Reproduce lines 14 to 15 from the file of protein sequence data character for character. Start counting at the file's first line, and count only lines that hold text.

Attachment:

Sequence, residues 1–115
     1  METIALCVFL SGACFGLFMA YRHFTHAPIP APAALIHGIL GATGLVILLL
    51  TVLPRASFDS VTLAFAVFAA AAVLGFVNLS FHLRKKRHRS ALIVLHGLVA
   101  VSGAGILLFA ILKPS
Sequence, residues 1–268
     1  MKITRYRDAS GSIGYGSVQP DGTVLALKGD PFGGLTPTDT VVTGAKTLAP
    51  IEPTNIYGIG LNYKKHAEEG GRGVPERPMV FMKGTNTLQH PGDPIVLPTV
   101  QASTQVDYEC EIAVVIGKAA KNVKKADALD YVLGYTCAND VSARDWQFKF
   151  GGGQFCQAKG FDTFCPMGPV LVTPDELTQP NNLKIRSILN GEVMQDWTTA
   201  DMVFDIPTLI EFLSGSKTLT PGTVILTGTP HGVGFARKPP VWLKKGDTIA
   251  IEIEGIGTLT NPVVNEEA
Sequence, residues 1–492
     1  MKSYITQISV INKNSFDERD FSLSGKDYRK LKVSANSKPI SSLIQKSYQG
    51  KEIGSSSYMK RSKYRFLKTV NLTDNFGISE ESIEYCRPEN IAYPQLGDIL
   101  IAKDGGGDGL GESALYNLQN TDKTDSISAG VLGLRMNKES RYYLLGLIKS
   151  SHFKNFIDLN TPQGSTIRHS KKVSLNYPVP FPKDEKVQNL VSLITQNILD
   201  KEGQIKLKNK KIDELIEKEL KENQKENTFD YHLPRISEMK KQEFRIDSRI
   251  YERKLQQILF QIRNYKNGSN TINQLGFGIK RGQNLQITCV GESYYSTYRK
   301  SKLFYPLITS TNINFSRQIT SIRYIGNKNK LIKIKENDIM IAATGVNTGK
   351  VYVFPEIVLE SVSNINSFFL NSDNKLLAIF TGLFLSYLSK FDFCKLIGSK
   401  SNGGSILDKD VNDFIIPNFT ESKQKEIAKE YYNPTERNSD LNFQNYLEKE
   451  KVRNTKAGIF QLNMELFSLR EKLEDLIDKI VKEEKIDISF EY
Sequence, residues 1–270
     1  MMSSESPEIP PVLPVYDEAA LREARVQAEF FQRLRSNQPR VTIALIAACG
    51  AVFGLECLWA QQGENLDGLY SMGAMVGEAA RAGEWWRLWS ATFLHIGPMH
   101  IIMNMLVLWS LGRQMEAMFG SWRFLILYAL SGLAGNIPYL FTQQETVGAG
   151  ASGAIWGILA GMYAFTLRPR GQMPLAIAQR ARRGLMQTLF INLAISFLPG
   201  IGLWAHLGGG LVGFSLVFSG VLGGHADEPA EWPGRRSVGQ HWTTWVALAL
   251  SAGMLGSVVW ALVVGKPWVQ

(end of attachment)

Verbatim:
    51  KEIGSSSYMK RSKYRFLKTV NLTDNFGISE ESIEYCRPEN IAYPQLGDIL
   101  IAKDGGGDGL GESALYNLQN TDKTDSISAG VLGLRMNKES RYYLLGLIKS